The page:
From Monday night’s Fox News All-Stars.
On Standard & Poor’s downgrading its outlook on U.S. government debt:
I don’t think what S&P issued was a plea. I think what it issued was a review, and it was a review of the president’s speech. This is not about whether there‘ll be an agreement on the debt ceiling — as the White House would like to pretend. What we heard from S&P is [that] this is about: Will there be real deficit reduction agreed to by the president and the Republicans? … And their answer is no.
And this credit rating is not in jeopardy today. It is an outlook. But what it means is there’s a one in three chance — it [S&P] is saying today — that within two years it’s going to have to downgrade [the] American AAA rating, which would be a shock to the system unlike any we’ve ever had.
The debt ceiling vote is not what this S&P forecast is about. It’s about what are the prospects of getting control of the debt itself. And the answer is: little. And the reason is the Wednesday [Obama] speech, the beginning of a campaign kickoff. That’s why the president is out in the country now [campaigning].
That was not a speech about reducing the deficit. The numbers the president offered were suspended in air, un-tethered to anything. That was a kick in the teeth at Republicans — with incidentally, the House leadership and [Paul] Ryan sitting in front of him.
It [Obama's speech] was not an invitation to any negotiation. It was a way of saying: You [Republicans] walked into my trap — I’m going to now attack you from now until Election Day.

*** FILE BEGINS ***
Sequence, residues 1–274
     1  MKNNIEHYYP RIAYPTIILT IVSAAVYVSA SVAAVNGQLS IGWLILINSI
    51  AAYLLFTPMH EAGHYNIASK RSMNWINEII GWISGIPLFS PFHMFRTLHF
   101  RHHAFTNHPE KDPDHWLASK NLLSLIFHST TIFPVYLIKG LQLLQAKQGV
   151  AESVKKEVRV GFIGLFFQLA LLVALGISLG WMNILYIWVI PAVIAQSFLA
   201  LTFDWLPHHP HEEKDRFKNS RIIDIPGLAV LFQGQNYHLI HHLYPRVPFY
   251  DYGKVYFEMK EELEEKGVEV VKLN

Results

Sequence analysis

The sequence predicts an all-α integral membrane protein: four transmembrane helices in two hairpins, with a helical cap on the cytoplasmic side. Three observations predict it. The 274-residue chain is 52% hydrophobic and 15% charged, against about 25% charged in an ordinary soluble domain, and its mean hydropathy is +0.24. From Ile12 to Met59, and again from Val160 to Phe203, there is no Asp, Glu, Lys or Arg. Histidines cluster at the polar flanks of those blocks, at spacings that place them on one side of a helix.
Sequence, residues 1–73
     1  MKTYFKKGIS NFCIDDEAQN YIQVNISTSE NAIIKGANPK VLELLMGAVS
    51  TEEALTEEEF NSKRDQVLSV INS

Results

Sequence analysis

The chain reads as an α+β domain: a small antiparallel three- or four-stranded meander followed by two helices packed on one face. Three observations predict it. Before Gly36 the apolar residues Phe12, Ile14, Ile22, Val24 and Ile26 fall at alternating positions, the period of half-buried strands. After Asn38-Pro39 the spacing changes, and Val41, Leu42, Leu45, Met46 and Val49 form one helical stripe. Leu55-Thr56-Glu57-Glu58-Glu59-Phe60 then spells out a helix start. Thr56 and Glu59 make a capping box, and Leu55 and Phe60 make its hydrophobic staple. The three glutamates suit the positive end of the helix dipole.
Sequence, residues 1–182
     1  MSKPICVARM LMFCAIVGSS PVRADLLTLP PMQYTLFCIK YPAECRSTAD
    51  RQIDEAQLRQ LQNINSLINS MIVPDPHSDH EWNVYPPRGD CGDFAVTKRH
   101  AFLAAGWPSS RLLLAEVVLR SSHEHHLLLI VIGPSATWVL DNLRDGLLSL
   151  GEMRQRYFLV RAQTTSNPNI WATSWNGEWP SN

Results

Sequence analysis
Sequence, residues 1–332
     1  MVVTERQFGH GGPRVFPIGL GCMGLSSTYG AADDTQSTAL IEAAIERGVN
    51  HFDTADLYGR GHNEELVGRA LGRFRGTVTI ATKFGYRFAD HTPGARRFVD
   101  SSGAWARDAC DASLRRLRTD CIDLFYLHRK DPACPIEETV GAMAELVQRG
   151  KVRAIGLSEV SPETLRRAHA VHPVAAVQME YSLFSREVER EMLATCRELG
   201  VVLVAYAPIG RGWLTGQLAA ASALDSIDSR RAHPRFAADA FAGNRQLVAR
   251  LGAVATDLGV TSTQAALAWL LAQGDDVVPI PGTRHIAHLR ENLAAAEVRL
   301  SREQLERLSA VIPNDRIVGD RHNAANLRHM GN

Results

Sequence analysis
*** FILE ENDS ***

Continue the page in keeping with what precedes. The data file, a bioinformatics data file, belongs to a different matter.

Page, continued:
On four prospective 2012 GOP candidates — Barbour, Bachmann, Palin, Trump — who were on the stump this weekend:
Well, of the sound bites you just showed, Haley Barbour looked — he was rather calm and collected there compared with the other three. I think he’s the only serious one of the ones you showed — serious with a chance of winning in 2012. I think Sarah Palin and Michele Bachmann in a sense are competing for the same constituency. They’re wonderful Republicans but I don’t think either of them has a chance of winning the nomination.
Bachmann could do well in Iowa. She’s originally from Iowa, [where there] is a very heavy evangelical constituency that surprised the world last cycle by giving Huckabee the victory. So that is possible. But it’s hard to see her way after that through the thicket.
And then there’s Trump. Trump is the Al Sharpton of the Republican Party, provocateur and clown, unserious. I think he’s going to harm the party if he runs for the same reason that Sharpton harmed the Democrats.
I know. You can now see all the mail coming in. Address it to me, not to Bret [Baier]. He’s not responsible.
Which means: Because in the debates he’ll be up there — I think he’s going to run, this is not just a trial run — he’ll be up in the debates, and like Sharpton he’s going to monopolize the discussion, draw it away on issues that are irrelevant, like Obama’s birth. And that can only hurt the party. …
It’s all name recognition. And he’s a celebrity, he’s on television. He’s a guy who talks about winners and losers. The vulgarity of him is offensive. He talked about today, comparing himself with Romney, ‘I have a bigger net worth.’ That’s what you expect from somebody who wants to promote himself in business and make a name. That’s not what you want from a presidential candidate.